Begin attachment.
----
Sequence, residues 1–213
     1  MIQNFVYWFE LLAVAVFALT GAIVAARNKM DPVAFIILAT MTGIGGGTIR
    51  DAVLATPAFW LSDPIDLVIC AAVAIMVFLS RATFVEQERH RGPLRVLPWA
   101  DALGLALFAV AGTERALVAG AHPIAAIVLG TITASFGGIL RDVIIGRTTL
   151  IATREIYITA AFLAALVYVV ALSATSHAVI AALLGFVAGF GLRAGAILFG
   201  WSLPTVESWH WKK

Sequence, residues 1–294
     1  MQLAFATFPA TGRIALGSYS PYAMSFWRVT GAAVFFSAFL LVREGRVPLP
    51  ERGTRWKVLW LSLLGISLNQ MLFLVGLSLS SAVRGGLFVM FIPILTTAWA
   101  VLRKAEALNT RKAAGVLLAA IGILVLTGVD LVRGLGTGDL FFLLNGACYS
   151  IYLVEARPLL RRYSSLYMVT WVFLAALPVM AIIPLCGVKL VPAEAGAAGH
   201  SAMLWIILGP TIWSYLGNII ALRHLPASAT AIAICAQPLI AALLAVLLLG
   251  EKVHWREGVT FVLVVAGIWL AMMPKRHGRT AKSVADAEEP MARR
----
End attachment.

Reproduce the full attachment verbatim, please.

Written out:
Sequence, residues 1–213
     1  MIQNFVYWFE LLAVAVFALT GAIVAARNKM DPVAFIILAT MTGIGGGTIR
    51  DAVLATPAFW LSDPIDLVIC AAVAIMVFLS RATFVEQERH RGPLRVLPWA
   101  DALGLALFAV AGTERALVAG AHPIAAIVLG TITASFGGIL RDVIIGRTTL
   151  IATREIYITA AFLAALVYVV ALSATSHAVI AALLGFVAGF GLRAGAILFG
   201  WSLPTVESWH WKK

Sequence, residues 1–294
     1  MQLAFATFPA TGRIALGSYS PYAMSFWRVT GAAVFFSAFL LVREGRVPLP
    51  ERGTRWKVLW LSLLGISLNQ MLFLVGLSLS SAVRGGLFVM FIPILTTAWA
   101  VLRKAEALNT RKAAGVLLAA IGILVLTGVD LVRGLGTGDL FFLLNGACYS
   151  IYLVEARPLL RRYSSLYMVT WVFLAALPVM AIIPLCGVKL VPAEAGAAGH
   201  SAMLWIILGP TIWSYLGNII ALRHLPASAT AIAICAQPLI AALLAVLLLG
   251  EKVHWREGVT FVLVVAGIWL AMMPKRHGRT AKSVADAEEP MARR